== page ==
INDIANAPOLIS (Reuters) - One of the most unpredictable and compelling NCAA collegiate basketball tournaments in years draws to a close with a Final Four this weekend featuring traditional powers and smaller upstart teams.
South Region top seed Duke faces West Virginia in one semi-final on Saturday at sold-out Lucas Oil Stadium while giant-killing Butler takes on Michigan State in the other.
Duke coach Mike Krzyzewski, whose Atlantic Coast Conference champion Blue Devils are the only number one seeds to make it to the Final Four in Indianapolis, said he was not surprised the 64-team tournament had been full of spectacular upsets.
"There just isn't the difference that there was a decade ago from the top, historic programs and the emerging programs. There are just a lot of good basketball teams right now."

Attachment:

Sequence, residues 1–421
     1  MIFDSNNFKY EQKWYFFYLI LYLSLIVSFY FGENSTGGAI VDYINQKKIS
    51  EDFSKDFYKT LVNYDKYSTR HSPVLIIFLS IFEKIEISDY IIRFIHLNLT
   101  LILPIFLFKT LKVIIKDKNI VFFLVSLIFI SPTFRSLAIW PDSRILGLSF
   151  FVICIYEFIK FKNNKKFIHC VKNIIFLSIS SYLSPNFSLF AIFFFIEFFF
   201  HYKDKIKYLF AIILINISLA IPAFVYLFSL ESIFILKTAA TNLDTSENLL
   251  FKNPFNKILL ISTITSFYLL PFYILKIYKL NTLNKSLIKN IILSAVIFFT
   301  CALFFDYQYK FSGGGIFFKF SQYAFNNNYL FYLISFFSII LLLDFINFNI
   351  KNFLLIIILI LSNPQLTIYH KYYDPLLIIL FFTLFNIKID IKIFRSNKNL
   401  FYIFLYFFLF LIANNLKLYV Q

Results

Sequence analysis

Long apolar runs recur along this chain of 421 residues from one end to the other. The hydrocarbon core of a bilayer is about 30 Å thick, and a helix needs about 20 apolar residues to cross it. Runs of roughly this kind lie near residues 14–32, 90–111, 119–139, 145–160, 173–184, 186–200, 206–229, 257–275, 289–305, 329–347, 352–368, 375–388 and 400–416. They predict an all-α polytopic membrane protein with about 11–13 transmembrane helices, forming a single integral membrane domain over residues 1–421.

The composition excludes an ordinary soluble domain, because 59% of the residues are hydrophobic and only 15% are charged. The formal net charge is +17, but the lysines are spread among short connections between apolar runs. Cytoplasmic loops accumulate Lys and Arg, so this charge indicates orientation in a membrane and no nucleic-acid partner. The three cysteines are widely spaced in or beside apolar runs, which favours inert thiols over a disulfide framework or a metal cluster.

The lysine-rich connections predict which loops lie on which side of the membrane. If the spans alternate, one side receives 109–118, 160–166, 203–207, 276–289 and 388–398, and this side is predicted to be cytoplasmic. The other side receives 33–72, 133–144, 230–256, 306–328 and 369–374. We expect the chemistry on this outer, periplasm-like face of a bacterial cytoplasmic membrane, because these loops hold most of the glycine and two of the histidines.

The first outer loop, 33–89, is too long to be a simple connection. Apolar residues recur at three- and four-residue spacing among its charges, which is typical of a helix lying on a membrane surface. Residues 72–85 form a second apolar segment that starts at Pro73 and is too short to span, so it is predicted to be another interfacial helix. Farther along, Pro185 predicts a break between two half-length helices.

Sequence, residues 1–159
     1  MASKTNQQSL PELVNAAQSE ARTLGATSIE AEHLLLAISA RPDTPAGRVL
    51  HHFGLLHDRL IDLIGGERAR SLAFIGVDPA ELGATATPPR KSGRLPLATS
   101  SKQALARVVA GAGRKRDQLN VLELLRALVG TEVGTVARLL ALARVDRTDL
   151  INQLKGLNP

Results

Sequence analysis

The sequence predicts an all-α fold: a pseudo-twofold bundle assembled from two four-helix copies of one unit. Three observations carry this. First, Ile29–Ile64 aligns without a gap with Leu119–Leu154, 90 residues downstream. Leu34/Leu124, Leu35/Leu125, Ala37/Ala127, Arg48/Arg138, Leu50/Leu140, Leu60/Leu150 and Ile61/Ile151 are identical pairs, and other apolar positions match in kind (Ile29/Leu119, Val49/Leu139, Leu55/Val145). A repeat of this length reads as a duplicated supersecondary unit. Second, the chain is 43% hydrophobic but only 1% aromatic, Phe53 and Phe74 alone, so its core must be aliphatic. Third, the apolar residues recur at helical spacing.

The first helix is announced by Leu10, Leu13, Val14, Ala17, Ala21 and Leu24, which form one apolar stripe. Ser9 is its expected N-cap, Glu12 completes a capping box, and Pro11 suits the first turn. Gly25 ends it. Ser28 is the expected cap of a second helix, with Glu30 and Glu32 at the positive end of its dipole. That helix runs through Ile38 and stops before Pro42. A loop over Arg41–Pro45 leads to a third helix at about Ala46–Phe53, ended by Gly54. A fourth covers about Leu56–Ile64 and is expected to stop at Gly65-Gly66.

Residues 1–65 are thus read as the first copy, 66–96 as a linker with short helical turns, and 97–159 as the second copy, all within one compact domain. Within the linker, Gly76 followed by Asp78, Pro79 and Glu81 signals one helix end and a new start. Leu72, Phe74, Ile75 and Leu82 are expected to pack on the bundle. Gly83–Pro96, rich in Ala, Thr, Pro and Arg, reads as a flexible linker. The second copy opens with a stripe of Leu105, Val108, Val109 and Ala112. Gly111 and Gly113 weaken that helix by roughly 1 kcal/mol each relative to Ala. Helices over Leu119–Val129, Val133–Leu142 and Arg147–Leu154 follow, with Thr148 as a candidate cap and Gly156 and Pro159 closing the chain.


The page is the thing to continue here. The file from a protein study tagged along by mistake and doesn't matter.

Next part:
Duke (33-5) will have its hands full with Big East champion West Virginia, a defensive-minded team on a 10-game winning streak and making their first Final Four appearance since 1959.
"My grandfather never missed a game on the radio. There are certainly thousands of other people who grew up the same way," said Huggins who played for the Mountaineers in the 1970s.
"It's hard to get a grasp on how much it means to the state."
The Michigan State-Butler game features a traditional power facing a smaller upstart team whose campus is just six miles from the site of the Final Four.
Lovers of the underdog will be rooting for Horizon League champion Butler (32-4), which eliminated the top two seeds in the tournament's West Region, to topple the 2009 NCAA runner-up Spartans (28-8) who have reached the Final Four in six of the last dozen years.
"It's refreshing that you're looking at four teams that 'team' is maybe the most important thing," said Michigan State coach Tom Izzo.
"It's going to make for a good Final Four in a different way."
(Writing by Steve Ginsburg in Washington, editing by Frank Pingue)